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The “tear ’em off” split

On Saturday, the Puget Sound Beekeepers Association held their annual Field Day at the Washington Park Arboretum. The event was well-attended, expertly organized, and truly fun. The featured speaker, Dr. Zachary Huang of Michigan State University, is a wealth of information and a great photographer. During the long day he displayed a pleasing combination of […] Read more

How to keep queen bees in reserve

Every spring I re-queen my strongest hives in order to reduce swarming. A colony is less likely to swarm when the queen’s pheromones are strong, and the pheromones are strongest in a first-year queen. In fact, according to most sources, a new queen is the single best deterrent to swarming. However, it seems ridiculous to […] Read more

How to start a queen in a two-frame nuc

I had a request to write about how I start queens using a two-frame mating box such as the Brushy Mountain “Queen Castle.” The Queen Castle is a standard size deep brood box that can be divided into four two-frame sections, each with its own entrance. But the following instructions could be used for any […] Read more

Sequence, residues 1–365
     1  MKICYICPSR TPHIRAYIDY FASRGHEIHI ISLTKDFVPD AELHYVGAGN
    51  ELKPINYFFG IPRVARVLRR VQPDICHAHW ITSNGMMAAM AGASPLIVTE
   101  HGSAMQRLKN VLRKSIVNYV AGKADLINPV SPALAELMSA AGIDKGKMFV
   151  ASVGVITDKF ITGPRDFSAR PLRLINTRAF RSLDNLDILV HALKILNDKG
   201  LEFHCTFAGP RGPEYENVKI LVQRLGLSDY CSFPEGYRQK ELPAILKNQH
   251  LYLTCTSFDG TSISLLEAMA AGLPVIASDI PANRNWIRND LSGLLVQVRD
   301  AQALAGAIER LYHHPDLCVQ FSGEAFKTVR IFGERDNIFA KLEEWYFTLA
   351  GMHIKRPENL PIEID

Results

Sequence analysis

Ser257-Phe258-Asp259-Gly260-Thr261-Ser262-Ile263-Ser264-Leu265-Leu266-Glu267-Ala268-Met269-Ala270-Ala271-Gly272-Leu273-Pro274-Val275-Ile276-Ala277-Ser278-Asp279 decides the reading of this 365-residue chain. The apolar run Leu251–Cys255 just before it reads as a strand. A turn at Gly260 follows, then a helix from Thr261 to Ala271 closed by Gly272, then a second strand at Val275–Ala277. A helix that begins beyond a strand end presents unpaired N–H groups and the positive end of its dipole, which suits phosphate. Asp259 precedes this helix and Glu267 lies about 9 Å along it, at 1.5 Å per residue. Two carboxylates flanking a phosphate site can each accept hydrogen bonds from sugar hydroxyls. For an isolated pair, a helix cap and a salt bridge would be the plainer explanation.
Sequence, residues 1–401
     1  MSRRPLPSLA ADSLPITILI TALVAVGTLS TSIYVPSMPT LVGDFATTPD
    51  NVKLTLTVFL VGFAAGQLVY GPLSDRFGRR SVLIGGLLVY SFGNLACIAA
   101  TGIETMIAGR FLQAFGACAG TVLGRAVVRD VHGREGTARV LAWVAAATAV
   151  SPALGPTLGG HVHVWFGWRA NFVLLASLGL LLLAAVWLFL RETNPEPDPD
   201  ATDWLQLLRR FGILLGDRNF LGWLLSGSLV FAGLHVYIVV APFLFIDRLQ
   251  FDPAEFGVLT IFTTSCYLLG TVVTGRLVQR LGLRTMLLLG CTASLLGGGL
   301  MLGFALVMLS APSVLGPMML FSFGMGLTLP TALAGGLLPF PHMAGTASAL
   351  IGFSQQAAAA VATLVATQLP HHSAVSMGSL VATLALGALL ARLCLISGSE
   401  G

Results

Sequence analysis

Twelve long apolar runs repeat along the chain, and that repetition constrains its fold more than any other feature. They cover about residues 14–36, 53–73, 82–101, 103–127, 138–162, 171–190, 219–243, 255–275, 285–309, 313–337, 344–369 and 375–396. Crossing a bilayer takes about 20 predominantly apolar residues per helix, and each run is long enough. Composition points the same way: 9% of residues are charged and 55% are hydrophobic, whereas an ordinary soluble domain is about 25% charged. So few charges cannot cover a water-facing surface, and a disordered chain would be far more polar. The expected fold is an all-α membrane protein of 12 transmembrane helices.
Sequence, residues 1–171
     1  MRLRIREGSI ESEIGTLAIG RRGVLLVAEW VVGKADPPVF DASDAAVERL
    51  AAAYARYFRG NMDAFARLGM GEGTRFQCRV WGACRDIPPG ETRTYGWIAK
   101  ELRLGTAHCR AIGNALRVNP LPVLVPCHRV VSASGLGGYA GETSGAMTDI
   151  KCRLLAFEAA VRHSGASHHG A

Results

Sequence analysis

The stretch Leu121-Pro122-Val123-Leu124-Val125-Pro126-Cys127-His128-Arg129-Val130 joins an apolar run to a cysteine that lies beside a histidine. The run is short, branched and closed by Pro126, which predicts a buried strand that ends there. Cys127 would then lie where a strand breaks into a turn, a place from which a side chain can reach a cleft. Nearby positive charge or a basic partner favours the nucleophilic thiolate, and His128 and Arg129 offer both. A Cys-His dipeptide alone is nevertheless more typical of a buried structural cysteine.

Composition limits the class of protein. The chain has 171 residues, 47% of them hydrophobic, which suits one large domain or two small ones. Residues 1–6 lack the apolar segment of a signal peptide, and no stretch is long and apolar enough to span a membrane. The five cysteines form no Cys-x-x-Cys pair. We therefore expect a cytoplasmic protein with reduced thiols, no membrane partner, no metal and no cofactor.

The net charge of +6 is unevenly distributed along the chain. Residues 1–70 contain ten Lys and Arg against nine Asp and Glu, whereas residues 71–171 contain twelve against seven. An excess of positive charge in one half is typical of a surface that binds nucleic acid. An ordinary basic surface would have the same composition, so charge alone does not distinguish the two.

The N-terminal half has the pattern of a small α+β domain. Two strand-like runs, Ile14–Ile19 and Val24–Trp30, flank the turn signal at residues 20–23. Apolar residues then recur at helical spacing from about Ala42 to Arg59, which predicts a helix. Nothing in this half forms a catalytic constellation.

How to make a walkaway split

In contrast to a swarm-control split where you need to know the whereabouts of your queen, a walkaway split can be made without having to find the queen. The steps for setting up a walkaway split are easy: The queenless portion will soon begin to raise a queen of their own from very young larvae. […] Read more

How to start multiple hives from a swarm-control split

Last time I wrote about a simple way to split a hive to prevent swarming. It is quick and easy and results in two fairly equal hives. However, if your original hive is loaded with swarm cells you may be able to raise a few extra queens or start more than one hive. Let’s say […] Read more